Three airlines have emerged as bidders for a stake in LAM Mozambique Airlines, with a decision due by October.

In total five consortia, including three led by TAP Air Portugal, South African Airways, and Air Mauritius, have pre-qualified to bid for a 51 per cent stake in the state-owned carrier, according to Estezao Uamusse, president of CEP, the government's privatisation commission. But the airline-led consortia have a clear lead over the other two, led by consultants, as the government is looking for a strategic airline investor. 'The most important thing for the consortia is that they include an airline,' says Uamusse.

Under the terms of the tender each consortium must comprise a foreign investor, to take a 20-30 per cent stake, and a national investor partner, who will hold the remaining 21 per cent.

Air Mauritius' interest has been sparked by growing economic ties between Mauritius and Mozambique and LAM's 'commercially quite viable routes', states Vijay Poonoosamy, Air Mauritius' director legal and international affairs. He says flights from Mauritius could be routed via Mozambique on their way to Europe. Bonifacio Dias, consultant at Ernst & Young, advisers in LAM's privatisation, says the winning candidate will be selected by October. Final bids must be in by 28 August.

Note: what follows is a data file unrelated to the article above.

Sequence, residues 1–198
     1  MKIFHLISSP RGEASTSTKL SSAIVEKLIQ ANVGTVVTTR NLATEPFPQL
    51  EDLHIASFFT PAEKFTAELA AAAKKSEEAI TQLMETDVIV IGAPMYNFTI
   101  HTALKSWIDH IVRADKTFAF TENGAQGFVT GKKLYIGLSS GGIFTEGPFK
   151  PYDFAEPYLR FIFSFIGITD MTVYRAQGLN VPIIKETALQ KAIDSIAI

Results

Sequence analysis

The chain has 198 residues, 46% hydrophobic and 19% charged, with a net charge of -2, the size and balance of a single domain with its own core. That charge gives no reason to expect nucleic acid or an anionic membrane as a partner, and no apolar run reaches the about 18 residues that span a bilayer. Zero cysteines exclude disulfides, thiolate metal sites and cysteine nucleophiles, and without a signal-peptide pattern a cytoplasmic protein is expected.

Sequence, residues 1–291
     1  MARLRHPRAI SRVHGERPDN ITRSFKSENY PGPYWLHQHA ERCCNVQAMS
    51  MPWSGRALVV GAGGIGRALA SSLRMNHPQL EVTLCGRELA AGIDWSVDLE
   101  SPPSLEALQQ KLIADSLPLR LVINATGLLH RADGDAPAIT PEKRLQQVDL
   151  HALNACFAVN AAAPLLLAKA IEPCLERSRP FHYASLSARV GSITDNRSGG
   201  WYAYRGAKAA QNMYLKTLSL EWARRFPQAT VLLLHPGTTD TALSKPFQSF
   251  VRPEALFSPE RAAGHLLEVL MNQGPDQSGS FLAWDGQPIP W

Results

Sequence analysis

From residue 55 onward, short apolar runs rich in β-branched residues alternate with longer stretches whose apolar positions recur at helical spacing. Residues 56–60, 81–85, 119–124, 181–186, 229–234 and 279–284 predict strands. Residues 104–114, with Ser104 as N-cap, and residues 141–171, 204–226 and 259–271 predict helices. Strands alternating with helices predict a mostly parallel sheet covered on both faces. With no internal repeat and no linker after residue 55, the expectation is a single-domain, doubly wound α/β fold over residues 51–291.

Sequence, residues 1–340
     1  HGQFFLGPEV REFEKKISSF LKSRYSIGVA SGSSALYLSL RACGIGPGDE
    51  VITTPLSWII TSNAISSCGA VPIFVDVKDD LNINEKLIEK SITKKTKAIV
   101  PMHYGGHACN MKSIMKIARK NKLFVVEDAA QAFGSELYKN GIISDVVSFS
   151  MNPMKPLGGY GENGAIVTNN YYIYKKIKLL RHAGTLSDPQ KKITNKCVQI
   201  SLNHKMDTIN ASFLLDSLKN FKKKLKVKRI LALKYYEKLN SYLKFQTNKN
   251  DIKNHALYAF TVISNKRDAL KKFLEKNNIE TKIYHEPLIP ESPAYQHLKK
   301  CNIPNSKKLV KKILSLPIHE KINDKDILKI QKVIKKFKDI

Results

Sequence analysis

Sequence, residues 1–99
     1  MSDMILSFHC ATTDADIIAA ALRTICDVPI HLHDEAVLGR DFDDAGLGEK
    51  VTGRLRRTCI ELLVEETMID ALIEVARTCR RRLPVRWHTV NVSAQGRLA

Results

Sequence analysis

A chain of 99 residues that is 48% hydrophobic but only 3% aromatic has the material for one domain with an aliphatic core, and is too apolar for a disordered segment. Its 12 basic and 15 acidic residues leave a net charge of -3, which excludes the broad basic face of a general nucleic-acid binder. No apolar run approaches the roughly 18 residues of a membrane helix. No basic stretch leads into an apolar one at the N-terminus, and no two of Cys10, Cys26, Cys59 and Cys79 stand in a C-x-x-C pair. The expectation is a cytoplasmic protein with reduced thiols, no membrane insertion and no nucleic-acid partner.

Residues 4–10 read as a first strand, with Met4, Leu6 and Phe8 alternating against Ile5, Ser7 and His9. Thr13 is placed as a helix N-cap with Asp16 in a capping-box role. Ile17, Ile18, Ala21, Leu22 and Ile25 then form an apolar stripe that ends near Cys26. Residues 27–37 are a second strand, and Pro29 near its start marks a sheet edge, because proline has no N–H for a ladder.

The privatisation aims to raise US$22 million, which will be pumped back into cash-strapped LAM. In 1996 the airline's net profit plummeted by 85 per cent to US$790,000 on revenues of $44.7 million. LAM's debts include $52.4 million in outstanding payments on its Boeing 767-200ER, and another $2.5 million to financial institutions.

Lois Jones

Source: Airline Business